Rabbi Earl Grollman was an American Reform rabbi who gained an international reputation for his expertise in clergy serving their parishioners at the sad and emotional times of death, funeral and burial. Originally a congregational rabbi serving one particular synagogue, first his writings and eventually his personal appearances brought him in contact with a wide variety of audiences of many faith communities. I have no problem imagining that his unique sensitivity and professional specialty brought him — and certainly his impact — to countless Americans and probably to those far beyond our borders.
I met Rabbi Grollman only once. Back in the 1970s and 1980s, Burton L. Hirsch Funeral Home in Pittsburgh initiated a program that brought eminent speakers in the fields of medical ethics and bereavement arts to town for the sake of the local rabbinic community, then known as the Greater Pittsburgh Rabbinic Fellowship.
I was in attendance as Rabbi Grollman made his presentation and I introduced myself to him afterward as a relatively young and new colleague in the community. I believe that the question I asked of him as an expert was, “How do you recover from one funeral and the focus on a particular family — whatever the age of the deceased or circumstance of the loss of life — to regain balance in your mind and heart?” To this day I can well recall him asking me in return, “How do you?” I responded, “I go on to the next.” His quick response, which I shall never forget, was, “Write it up and I’ll get it published.”
I never did write it up but I never forgot it either.
Skip ahead 30 or 40 years to spring, 2023. The sudden and tragic death of a young accomplished professional from Pittsburgh brought deep pain and spiritual anguish to his loved ones, and countless friends, colleagues and co-workers. In his young life, he was a source of energy and inspiration to many peers of all ages and circumstances, and his unexpected passing has left all of us who knew him, and who cherish his family, in deep and unending shock.
So, I return to Rabbi Grollman and my clear recollection of his conversation with me so many decades ago. He was teaching me that there is no simple or streamlined closure to the death of a human being and the sorrow faced by survivors. The rabbi serves the memory of the deceased and the spiritual needs of the survivors as best as possible; officiating at a meaningful prayer service and coordinating a fitting tribute to the departed loved one are unique mitzvahs in our religious tradition. The combination can touch but hardly diminish the pain and trauma experienced by so many of us. We can lament the loss and reflect on the legacy, but we are probably best served by “moving on” to the next crisis/challenge/death that awaits us on our path as spiritual leaders.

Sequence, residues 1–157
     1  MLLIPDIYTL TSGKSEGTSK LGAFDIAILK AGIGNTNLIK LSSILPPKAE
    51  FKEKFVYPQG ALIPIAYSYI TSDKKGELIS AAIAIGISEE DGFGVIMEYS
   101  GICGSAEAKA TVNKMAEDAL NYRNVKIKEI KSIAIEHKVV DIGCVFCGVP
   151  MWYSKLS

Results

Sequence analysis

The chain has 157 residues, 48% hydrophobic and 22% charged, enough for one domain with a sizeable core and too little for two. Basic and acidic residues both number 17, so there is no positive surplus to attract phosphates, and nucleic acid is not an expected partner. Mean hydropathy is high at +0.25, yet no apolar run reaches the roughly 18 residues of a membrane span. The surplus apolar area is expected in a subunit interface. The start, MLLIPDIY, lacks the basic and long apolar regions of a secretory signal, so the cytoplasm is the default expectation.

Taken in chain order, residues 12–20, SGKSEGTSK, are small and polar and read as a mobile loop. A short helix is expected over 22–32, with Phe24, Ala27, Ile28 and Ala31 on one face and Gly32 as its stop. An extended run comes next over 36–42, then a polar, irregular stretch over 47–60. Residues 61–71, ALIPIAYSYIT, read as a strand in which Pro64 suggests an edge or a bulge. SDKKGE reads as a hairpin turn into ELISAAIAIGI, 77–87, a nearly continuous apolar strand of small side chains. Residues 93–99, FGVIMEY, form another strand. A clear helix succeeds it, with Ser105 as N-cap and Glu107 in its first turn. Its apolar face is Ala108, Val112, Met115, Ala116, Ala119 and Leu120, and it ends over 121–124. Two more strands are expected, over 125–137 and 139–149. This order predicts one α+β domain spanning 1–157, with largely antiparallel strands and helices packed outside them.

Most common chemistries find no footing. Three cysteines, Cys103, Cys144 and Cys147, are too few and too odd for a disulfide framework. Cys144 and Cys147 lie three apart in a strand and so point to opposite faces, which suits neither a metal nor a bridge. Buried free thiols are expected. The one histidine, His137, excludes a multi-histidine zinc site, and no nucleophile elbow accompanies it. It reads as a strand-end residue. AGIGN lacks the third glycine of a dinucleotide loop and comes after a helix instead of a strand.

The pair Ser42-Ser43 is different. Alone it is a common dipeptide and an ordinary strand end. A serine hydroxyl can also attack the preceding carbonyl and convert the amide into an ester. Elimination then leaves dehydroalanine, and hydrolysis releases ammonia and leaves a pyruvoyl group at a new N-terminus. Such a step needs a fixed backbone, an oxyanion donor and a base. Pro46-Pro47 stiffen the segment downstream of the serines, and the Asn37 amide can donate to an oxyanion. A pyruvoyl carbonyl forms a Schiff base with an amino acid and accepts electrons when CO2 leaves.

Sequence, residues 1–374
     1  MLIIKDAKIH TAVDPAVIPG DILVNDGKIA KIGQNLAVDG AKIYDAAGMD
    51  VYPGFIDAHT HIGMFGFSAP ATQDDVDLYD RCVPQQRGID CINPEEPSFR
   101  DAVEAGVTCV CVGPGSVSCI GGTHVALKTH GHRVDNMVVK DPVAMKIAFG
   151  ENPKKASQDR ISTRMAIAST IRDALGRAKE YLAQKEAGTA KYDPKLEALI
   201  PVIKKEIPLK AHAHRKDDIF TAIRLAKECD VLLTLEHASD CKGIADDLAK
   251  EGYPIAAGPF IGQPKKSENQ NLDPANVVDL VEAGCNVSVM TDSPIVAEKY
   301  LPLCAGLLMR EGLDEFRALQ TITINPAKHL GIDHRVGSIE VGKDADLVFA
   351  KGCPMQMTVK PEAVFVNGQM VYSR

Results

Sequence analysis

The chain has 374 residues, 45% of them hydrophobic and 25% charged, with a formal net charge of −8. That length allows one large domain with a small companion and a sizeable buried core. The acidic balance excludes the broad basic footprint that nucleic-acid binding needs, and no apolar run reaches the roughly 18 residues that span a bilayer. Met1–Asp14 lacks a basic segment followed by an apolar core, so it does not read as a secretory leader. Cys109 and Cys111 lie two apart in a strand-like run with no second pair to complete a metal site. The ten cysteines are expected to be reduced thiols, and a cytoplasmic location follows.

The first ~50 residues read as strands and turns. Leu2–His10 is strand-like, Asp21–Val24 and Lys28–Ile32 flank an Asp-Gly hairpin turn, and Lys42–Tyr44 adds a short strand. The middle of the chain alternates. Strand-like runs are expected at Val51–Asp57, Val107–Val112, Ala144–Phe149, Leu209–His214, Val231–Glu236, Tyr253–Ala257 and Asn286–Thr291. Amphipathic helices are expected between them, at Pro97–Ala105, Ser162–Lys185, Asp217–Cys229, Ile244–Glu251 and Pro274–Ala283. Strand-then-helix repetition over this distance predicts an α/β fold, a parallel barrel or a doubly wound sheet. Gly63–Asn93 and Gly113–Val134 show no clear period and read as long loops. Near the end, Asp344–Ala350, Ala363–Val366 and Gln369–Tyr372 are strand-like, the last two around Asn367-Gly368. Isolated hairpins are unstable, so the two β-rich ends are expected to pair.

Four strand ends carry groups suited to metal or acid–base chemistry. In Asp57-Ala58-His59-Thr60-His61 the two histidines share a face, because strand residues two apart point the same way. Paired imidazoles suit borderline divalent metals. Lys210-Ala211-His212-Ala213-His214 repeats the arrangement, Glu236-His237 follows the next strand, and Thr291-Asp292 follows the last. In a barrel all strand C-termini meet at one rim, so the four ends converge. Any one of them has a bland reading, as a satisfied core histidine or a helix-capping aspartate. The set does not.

Perhaps I was too young and wet behind the ears those many years ago to write it up as I have now. I have gone on in my career to serve hundreds of bereaved families and deliver almost 1000 eulogies — sometimes two in one day, day after day, or as many as four or five a week. Each loss is served, each sorrow is unique, each bereavement is attended, and the rabbi must be free to continue with full vigor and emotional strength to serve the next family in need. A “clean slate” does not represent a rabbi without emotions or who is indifferent to his flock; rather, it means a professional and a caring soul who can bring his talents, experience and sensitivities to the next family in need.
Maybe I should have written this up back then after all. Rabbi Earl Grollman died a few months ago at a ripe old age and never got to see it. PJC
Rabbi Stephen E. Steindel was senior rabbi at Congregation Beth Shalom from 1986-2009, and rabbi of Beth El Congregation of the South Hills from 1973-1983. This year marks the 50th anniversary of his ordination at the Jewish Theological Seminary.